The high court determined that Tom Becker's continued right to free speech was a hazard to anyone forced to listen to him.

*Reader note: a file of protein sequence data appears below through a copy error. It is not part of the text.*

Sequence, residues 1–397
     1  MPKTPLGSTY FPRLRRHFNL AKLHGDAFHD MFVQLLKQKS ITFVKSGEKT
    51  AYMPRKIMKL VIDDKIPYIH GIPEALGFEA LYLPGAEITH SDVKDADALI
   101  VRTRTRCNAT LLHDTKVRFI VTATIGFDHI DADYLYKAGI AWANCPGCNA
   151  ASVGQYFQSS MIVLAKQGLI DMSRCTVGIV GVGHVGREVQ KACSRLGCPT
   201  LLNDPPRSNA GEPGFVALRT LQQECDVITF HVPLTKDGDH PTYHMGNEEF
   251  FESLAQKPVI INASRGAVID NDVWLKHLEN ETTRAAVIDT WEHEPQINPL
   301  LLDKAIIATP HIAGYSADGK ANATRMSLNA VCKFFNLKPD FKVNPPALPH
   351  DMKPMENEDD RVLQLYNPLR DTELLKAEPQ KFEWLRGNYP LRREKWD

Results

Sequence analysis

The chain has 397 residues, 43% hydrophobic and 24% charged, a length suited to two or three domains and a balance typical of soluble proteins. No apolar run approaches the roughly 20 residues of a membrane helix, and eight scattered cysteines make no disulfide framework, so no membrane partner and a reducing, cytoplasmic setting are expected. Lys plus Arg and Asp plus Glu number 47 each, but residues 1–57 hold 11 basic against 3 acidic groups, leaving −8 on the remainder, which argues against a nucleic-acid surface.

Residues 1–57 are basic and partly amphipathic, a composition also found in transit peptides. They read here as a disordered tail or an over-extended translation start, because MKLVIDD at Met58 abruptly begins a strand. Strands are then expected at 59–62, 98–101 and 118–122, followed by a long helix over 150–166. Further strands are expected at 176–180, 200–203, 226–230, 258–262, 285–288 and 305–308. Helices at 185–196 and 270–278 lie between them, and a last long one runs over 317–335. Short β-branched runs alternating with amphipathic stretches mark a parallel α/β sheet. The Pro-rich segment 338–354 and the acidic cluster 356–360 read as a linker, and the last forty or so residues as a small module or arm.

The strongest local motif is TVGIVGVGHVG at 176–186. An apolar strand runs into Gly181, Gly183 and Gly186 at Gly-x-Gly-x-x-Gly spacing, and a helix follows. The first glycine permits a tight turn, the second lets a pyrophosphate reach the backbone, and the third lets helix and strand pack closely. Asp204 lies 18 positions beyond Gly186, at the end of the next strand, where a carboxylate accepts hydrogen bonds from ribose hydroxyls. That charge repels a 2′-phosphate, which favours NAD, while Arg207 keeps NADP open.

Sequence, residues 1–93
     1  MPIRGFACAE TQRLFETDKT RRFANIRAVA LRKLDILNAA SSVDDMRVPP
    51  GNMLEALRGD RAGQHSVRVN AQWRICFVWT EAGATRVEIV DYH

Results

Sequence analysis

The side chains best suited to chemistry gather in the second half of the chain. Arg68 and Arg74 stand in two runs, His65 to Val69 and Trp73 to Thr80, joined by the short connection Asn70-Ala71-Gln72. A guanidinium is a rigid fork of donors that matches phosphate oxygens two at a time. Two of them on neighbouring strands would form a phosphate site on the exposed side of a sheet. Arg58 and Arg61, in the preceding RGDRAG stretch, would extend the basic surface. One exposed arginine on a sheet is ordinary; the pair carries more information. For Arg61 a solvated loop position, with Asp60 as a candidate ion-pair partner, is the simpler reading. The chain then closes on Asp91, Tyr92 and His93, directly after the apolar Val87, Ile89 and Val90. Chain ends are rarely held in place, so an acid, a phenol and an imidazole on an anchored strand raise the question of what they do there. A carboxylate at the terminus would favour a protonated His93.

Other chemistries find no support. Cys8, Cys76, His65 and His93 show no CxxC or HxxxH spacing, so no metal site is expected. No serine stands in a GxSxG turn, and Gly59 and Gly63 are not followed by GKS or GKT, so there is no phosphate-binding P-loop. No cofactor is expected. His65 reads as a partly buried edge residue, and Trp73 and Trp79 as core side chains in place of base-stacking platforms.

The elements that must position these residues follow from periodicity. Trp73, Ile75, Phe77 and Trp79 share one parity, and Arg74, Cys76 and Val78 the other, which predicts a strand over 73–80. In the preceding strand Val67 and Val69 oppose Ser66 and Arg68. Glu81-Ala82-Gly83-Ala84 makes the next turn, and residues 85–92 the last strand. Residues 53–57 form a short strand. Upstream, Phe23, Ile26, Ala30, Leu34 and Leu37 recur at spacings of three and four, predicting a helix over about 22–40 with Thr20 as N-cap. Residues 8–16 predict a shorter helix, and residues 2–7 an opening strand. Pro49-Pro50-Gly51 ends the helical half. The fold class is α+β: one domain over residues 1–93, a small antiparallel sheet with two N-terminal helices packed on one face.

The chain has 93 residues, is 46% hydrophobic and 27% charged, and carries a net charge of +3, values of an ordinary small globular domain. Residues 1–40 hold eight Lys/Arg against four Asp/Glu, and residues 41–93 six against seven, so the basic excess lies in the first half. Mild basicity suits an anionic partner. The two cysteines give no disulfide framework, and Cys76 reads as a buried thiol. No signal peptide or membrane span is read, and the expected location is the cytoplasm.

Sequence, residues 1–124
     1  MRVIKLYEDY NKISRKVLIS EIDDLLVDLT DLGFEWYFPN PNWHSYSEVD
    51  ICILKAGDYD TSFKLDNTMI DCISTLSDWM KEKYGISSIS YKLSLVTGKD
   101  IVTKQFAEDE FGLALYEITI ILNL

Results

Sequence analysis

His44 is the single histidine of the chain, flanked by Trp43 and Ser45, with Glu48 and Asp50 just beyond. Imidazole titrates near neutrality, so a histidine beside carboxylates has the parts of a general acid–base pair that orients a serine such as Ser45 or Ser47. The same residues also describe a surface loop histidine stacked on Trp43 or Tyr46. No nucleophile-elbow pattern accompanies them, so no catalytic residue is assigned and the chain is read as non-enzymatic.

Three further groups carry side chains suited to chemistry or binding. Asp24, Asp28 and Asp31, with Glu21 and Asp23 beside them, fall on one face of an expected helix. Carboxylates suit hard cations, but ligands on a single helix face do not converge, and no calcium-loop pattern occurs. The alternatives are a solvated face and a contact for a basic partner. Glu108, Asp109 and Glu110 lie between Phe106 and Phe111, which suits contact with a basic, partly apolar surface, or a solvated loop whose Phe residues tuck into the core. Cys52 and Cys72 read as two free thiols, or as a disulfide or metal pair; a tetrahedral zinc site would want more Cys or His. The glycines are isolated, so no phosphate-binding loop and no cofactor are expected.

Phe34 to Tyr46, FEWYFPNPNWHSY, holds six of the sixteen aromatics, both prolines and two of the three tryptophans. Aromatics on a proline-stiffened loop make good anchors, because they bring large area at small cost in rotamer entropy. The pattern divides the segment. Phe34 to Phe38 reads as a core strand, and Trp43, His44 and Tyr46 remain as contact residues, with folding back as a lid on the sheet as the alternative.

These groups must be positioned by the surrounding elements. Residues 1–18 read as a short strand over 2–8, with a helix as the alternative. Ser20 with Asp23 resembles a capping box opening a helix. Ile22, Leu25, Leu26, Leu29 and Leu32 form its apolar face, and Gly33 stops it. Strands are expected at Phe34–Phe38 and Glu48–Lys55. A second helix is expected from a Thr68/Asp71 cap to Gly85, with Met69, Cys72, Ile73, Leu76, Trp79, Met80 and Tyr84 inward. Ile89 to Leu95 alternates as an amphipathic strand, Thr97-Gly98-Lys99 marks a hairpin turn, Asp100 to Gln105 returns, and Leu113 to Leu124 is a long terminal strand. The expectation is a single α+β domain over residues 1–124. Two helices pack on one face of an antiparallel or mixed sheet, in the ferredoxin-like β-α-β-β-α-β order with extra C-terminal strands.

MIAMI—Just hours after filing their annual request to view the NFL Championship Game, an annual ritual usually regarded as a mere formality for most football teams, the foundering Miami Dolphins organization received a curt "no" from the league's front office. "It is the considered opinion of the league that winning only a single game out of 16 is well below the standard we expect from our teams," the response from the league, penned by Roger Goodell and signed by a coalition of NFL owners, read in part. "We the undersigned feel the free time of Miami's players, coaches, and front-office personnel would be better spent scouting the draft, working on their fundamentals, or perhaps even seeking alternate employment." Goodell attached a special rider to the Super Bowl denial-of-viewership form specifically instructing the Dolphins not to try and watch the Super Bowl at a bar or at someone else's house, as the NFL would be sure to find out eventually.